Julie L. Moore
As rain pounds the pavement,
my father, mother, and I sip our soup
at Tim Horton’s after church
where their choir sang of triumphal
entry, death, and resurrection.
Somehow, our conversation turns
to my grandfather, a gambling man,
a carpenter who lost half his thumb
to a saw but shuffled cards like a pro,
riffling them so they’d intertwine,
smoothly, like the fingers of a supplicant,
then building a bridge where cards
fell on their faces into one neat deck.
My dad remembers nights
his mother sent his older brother
to find his father, ensnared
in another game—the poker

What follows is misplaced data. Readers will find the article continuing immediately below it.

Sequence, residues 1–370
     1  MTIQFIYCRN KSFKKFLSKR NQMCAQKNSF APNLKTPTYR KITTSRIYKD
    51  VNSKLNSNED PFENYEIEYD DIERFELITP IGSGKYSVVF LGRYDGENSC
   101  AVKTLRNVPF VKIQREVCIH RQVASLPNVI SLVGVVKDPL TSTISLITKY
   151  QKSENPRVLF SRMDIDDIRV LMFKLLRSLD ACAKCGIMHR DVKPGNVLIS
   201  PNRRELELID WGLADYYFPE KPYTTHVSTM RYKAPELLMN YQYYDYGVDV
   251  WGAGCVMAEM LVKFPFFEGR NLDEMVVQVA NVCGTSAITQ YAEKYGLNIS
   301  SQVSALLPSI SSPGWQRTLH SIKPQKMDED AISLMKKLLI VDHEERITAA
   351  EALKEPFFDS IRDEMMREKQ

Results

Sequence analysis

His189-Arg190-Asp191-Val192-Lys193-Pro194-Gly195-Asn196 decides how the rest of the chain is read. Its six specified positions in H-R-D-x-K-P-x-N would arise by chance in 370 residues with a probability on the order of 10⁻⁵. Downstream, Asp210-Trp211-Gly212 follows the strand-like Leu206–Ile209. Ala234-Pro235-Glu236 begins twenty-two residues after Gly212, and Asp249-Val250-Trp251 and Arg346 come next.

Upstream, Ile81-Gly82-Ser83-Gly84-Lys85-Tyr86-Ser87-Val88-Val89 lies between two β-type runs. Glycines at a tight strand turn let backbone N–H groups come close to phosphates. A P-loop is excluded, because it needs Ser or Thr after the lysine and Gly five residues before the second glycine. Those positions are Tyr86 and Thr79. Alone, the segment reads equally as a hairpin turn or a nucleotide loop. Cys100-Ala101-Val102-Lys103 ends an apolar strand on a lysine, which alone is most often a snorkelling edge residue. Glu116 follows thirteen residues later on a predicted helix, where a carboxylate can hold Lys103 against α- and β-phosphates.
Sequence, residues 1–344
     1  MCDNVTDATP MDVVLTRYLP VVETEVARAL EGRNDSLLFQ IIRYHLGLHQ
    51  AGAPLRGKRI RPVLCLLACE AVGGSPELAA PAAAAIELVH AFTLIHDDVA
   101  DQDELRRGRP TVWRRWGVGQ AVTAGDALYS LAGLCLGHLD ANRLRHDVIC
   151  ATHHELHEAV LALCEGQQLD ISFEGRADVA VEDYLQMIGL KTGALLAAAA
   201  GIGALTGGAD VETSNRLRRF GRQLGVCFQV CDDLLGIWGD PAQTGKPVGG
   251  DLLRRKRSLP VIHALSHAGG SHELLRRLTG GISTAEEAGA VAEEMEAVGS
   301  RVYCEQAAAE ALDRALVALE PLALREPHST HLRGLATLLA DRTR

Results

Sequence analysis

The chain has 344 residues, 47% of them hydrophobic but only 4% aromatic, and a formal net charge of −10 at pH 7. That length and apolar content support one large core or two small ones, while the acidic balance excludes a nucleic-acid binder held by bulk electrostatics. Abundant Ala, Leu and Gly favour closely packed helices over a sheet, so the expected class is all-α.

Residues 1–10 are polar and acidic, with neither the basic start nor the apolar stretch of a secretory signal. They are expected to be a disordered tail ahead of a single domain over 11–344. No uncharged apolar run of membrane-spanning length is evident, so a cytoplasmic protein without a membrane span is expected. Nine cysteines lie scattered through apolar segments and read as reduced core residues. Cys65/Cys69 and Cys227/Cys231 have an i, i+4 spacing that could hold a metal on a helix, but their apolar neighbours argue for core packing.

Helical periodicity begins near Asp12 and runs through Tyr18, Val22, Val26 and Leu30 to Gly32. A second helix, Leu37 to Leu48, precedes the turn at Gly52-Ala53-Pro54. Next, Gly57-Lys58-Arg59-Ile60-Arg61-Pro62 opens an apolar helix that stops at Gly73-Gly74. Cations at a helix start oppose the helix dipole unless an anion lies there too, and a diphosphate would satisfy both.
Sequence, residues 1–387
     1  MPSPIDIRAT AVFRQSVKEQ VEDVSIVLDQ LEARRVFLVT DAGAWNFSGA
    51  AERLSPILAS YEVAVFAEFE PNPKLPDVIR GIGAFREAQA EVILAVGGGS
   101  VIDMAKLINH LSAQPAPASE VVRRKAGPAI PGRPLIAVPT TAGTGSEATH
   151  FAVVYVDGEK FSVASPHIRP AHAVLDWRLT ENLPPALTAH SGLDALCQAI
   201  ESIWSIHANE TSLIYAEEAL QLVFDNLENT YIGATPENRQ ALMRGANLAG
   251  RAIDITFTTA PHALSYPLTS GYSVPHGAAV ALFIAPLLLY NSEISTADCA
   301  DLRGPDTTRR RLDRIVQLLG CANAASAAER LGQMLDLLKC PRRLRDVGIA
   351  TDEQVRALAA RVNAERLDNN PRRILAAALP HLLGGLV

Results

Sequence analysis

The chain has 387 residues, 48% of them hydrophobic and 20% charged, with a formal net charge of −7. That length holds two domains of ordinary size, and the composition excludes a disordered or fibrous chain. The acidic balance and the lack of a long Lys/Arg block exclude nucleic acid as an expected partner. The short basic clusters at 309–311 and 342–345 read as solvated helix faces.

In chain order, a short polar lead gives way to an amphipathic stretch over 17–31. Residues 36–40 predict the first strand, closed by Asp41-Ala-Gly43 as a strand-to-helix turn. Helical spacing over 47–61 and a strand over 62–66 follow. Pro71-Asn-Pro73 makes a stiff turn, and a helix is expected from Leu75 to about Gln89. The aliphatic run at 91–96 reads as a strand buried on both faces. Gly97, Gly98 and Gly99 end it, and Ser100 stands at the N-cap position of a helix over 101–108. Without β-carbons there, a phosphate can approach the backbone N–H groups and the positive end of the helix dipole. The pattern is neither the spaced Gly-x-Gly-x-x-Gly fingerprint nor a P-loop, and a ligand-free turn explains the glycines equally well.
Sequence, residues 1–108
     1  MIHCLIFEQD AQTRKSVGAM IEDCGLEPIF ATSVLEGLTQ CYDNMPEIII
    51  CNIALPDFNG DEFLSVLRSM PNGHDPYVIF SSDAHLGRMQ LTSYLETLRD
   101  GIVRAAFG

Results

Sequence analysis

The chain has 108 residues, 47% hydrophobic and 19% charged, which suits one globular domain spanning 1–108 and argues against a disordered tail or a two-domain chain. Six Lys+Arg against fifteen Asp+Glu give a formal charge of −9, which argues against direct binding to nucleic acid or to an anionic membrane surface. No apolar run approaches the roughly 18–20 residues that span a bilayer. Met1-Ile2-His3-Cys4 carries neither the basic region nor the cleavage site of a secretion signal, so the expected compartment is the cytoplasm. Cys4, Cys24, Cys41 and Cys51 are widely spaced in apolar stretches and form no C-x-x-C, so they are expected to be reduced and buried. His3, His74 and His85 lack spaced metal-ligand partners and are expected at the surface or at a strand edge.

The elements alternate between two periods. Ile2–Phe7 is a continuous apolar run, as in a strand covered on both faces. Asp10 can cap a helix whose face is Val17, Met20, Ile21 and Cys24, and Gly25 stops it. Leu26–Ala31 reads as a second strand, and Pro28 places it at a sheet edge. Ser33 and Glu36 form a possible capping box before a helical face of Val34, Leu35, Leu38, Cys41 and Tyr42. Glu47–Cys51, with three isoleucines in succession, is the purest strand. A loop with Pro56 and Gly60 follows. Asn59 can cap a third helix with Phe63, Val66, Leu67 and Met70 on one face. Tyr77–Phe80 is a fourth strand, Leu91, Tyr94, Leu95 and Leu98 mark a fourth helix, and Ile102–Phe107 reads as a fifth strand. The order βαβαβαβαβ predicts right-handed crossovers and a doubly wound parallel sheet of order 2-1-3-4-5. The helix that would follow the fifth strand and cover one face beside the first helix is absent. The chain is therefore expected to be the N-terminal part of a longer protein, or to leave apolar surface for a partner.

he’d picked up while playing
hockey for the Toronto St. Pats,
always trying to relive the year
he won it all, a defenseman
who collected the Stanley Cup.
I visualize his picture hanging
in the Halifax Hockey Hall of Fame:
Tall in uniform, steady
on his skates. How did he fall,
becoming the man who threw
grocery money into the pot?
How did he conjure the nerve
to call my father after he was married
with three kids of his own, desperation
straining through the receiver,
beg for a loan? Did my grandfather
wince when my dad said, No,
I know you’ll lose it all?
And what does that do to a man
like my dad who worked two jobs,
logging 60-hour weeks,
so we could live in Moorestown
where the schools were good?
What does it do to a man to tell his father No?
Does the son carry the word’s wound
all his life, feel it even now, thirty years
after his father’s death,
as his broth grows cold?